Well, so far I have been largely singing the praises of the uses of new technology in and for church. But technology is neither good nor bad in and of itself. It all depends on how we use it.
Now most of us have a pretty strong sense of right and wrong, and I generally trust people’s moral compasses to be well intentioned. I’m a glass 3/4 full kind of guy. The challenge is that old Law of Unintentioned Consequences. That’s when we try to do good but end up causing problems we never envisioned. Our global environmental mess is a fairly macro example of this. ” Oops…sorry Mother Nature…we were just making things better for everyone…especially the rich everyones.”
Social media is no different. It brings a lot of good with the incredible leap forward in information sharing and communication, but it, too, has a shadow side.
Most obvious, perhaps is that there is no guarantee that facts are checked before being tweeted or posted or YouTubed. As many of you know, denials by those gored by unchecked claims are usually disbelieved, if, in fact, anyone bothers to read them. Accusation, sadly, often equals guilt in our society. Some posters are just sloppy, some are mean spirited and some are downright vicious. The rise in cyber-bullying in schools (and out) is an example of how information can be used for bad purposes.
Secondly, and perhaps more insidiously, the short attention span of net browsers means that people with a cause or an idea to promote have to necessarily condense and simplify issues. On Twitter, for example, you have to get the message across in about 140 characters – not words, characters. I can’t even manage the day’s grocery list in 140 characters! It is impossible to explain issues fully, or to consider nuance or the finer points of discussion in this headline style media age. It’s about persuasion, not explanation, polemic instead of critique. Social media generally lacks subtlety.
As a Canadian I am acutely aware of how this oversimplification of issues can raise the emotional pitch of a debate to a point where rationality disappears from the discussion and polarization becomes the standard. European ire over the nature of the Canadian seal hunt completely ignored the values of traditional life for the Inuit and the east coast fisherfolk, and also ignored the devastating of an uncontrolled seal population on the fishery.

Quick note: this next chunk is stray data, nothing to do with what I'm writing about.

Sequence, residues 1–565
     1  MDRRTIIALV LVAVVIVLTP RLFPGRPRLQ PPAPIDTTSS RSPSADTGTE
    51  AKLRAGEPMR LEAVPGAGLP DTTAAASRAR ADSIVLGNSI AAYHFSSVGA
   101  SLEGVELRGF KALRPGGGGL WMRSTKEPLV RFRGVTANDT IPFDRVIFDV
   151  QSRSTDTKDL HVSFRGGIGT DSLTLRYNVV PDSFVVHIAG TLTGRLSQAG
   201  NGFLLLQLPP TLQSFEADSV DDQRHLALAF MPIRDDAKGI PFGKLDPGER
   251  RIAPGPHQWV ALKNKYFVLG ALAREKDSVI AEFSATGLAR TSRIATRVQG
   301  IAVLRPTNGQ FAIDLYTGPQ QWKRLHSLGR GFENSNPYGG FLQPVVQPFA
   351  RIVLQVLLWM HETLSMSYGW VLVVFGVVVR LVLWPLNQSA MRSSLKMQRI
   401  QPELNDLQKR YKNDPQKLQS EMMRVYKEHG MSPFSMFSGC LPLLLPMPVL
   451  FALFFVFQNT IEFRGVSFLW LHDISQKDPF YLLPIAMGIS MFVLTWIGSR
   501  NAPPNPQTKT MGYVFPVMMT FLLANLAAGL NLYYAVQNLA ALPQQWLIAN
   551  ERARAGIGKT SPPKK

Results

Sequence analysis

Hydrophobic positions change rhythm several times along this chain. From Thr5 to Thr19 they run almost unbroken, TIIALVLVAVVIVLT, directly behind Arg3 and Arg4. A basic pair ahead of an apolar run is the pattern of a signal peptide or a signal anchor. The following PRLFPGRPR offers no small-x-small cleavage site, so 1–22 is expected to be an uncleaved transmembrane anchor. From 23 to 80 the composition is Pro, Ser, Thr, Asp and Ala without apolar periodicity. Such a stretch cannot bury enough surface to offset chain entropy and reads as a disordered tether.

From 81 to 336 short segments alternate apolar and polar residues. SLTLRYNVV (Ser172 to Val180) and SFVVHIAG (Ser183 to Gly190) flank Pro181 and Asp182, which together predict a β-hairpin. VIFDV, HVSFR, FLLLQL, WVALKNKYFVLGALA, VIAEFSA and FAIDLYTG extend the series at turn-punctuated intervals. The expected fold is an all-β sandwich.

And living in Alberta, the overblown rhetoric on both sides of the oil sands debate has left most moderates despairing over ever finding a useful and workable middle ground.
And please don’t assume my position on either issue just because I point them out.
My point is that social media campaigns tend to leave little room for diplomacy or collaborative thinking.
In the last few weeks anyone even slightly switched on has caught a whiff of the star issue of the social network world, Kony 2012.
Yesterday the CBC Radio One program ‘Q’ hosted and excellent and friendly 15 minute debate on the unintended effects of the Kony2012 campaign. I HIGHLY commend it to you. Kony 2012 is the viral video attacking the Ugandan warlord who has done devastating things to and with children for 25 years. The video is meant for high school students, but has had 80 million views in a couple of weeks and has drawn all kinds of celebrity support. It is controversial because it is said to be simplistic, inaccurate at times, and that it reinforces stereotypes about the negative aspects of politics in Africa. It does not lead viewers to deeper resources for further exploration, or even towards some kind of solution beyond a world day of action in April. (By the way, I just discovered that the full 29 minute film is now being blocked on YouTube at least in Canada by some stock exchanges…interesting!) The CBC debaters – one a Ugandan – make wonderful, nuanced points. Though cast as being for and against, in reality the two chose to point up positives and negatives in a most respectful way. It was refreshing and provoked me into writing this.
Social media is good for incitement and calls to action. Certainly that has its place, but we need to be wary of that power. There are so few checks and balances on the net right now that it seems to be a fertile place for unintended consequences to get started.
A final concern for today, one that also stems from short attention span of the average net user, is that there is a fairly good chance that even if you have read this far, you probably didn’t and won’t do the deeper research by clicking on the Q radio debate link. Don’t worry…there is a fair chance I wouldn’t either if I were reading this. Typically 50% of people will not proceed to a second page of any document on the web.
I think we have to be aware of these concerns as we go forward. Social networking in all of its forms is a tool box. Just as we have to choose between a screwdriver and a crescent wrench, so we have to choose wisely among the tech tools available to us. Before we embrace the new boldly and enthusiastically, we need to do a little research on the downside and shortcomings of any program or tool we think we might like to try. It might take a few more clicks or a couple of hours or so of research, but it might save some unintended consequences.